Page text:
A swimming pool in the garden of Aranbeg, her parents’ home in Wexford, would have been something to look forward to this afternoon. But even if they could have afforded it, Pascal and Jenny weren’t the sort of people who’d install something that would be used approximately one summer in five. Steffie, and the rest of the day’s guests, would simply have to cool off with lots of chilled drinks at the fortieth wedding anniversary party instead.

  She exhaled slowly as she thought of the surprise they were about to spring on their parents, who were in blissful igno-rance of the fact that they’d be arriving home to a party later. She still wasn’t entirely convinced that surprising them was a good idea, but Roisin had been adamant and Steffie knew from long experience that when her sister’s mind was made up, changing it was pretty much a lost cause. All the same, she muttered darkly to herself, the next time she rings me with one of her covert plans in which she gives all the instruc-tions and I’m left with the donkey work, I’ll do what I keep promising myself and say that I’m too busy to get involved. I’ll remind her that I keep proper working hours even if my office is Davey’s old bedroom. I’ll take a stand and be strong, firm and businesslike and I won’t allow her to railroad me into anything because she’s twelve years older than me and she thinks that entitles her to boss me around.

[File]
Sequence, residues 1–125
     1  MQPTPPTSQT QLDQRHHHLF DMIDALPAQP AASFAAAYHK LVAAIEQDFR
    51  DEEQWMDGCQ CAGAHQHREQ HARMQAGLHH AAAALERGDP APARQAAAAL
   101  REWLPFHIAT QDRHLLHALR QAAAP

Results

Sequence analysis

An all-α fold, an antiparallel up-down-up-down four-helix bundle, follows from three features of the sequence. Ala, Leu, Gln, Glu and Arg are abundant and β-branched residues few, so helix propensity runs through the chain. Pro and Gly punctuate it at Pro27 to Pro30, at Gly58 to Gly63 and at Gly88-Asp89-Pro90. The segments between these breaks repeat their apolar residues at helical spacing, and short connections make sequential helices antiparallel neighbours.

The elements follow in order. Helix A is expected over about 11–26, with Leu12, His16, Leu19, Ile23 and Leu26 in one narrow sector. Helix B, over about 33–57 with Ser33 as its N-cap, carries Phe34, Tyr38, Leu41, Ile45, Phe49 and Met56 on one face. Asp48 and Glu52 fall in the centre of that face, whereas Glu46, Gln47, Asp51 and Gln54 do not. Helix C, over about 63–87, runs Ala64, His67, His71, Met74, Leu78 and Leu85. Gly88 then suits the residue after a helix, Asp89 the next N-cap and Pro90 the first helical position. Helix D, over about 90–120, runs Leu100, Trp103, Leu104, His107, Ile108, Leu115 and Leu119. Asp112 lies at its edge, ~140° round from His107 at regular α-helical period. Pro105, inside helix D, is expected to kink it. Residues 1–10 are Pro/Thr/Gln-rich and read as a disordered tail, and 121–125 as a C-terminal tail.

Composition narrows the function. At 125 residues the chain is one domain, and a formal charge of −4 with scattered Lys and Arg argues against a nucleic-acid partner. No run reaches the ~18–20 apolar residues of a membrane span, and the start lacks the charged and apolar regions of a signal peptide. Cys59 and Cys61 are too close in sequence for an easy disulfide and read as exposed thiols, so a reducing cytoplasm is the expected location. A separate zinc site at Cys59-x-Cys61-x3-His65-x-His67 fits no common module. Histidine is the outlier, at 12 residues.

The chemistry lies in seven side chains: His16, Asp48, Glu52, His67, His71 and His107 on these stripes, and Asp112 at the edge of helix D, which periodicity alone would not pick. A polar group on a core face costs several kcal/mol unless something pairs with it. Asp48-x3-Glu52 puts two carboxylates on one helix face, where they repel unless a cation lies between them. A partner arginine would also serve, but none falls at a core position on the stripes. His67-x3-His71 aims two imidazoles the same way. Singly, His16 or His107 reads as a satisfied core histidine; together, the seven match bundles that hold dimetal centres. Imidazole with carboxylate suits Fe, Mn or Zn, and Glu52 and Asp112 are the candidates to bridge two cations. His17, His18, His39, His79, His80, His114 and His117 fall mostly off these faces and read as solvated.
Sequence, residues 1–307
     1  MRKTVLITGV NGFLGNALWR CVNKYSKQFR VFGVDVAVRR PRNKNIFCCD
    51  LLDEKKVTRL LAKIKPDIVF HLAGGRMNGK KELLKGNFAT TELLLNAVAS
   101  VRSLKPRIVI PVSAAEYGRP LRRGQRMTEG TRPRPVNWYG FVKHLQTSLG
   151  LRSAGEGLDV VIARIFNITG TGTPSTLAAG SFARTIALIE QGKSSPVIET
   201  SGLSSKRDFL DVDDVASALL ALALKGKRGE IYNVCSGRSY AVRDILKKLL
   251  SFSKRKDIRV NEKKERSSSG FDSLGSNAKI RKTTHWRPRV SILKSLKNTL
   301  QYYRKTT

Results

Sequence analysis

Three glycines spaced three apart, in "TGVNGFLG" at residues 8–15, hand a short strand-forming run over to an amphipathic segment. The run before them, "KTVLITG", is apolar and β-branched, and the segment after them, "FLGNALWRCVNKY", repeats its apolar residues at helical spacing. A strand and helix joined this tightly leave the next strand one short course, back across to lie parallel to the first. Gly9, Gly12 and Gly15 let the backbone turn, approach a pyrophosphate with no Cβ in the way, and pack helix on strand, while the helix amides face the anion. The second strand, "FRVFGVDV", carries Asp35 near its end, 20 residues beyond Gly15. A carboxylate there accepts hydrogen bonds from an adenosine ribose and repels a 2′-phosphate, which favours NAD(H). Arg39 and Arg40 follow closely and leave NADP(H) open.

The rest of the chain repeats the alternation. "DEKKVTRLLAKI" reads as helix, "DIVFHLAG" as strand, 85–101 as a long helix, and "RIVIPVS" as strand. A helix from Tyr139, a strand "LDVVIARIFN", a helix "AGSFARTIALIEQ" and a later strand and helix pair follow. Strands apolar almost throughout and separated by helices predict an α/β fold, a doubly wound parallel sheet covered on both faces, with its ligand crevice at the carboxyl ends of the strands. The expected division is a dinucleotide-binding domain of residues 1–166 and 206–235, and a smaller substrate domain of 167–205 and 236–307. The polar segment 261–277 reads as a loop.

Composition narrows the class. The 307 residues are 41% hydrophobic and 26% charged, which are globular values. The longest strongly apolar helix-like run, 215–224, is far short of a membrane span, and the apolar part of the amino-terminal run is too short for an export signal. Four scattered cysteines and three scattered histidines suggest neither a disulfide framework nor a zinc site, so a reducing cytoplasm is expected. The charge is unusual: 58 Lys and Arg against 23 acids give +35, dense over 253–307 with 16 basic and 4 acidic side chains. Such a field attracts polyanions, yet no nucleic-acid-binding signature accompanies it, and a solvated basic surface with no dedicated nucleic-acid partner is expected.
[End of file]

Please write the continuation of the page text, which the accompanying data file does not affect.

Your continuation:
She luxuriated for a few minutes in the fantasy of telling Roisin to sod off and then allowed herself a wry smile. It was never going to happen because Steffie knew that in the face of the force of nature that was Roisin in full organisational mode, there was nothing she could say to stop her. Besides, it isn’t only me she bosses around, she acknowledged. She’s the same with everyone and we all accept it because Roisin is a born leader, methodical and organised, and the rest of us, maybe with the exception of Dad, are too lazy to bother. Which makes it all the more surprising, she muttered to herself as the Citroën surprised her by getting up enough speed to pass a plodding Fiesta, that I’m the one with my own business and Roisin is a full-time mother. Even as the thought crossed her mind, she conceded that the reality of their situations was quite different from appearances. Roisin had been a high-flyer in the insurance company where she worked, only deciding that she needed to devote more time to her family after the birth of Dougie, her third child. And describing herself, as she did, as a full-time mother was disingenuous. Roisin still did occasional contract work for various insurers, while being an active member of the parents’ council at the local school, and currently running a summer sports camp for under-tens. Every second of her day was managed and accounted for and she frequently remarked that she was busier now than she’d ever been. Steffie, on the other hand, had set up Butterfly Creative in her brother’s old bedroom because she hadn’t been able to find a job as a graphic artist anywhere else, and justified the time she frittered away on social media sites as important networking opportunities to get her brand noticed.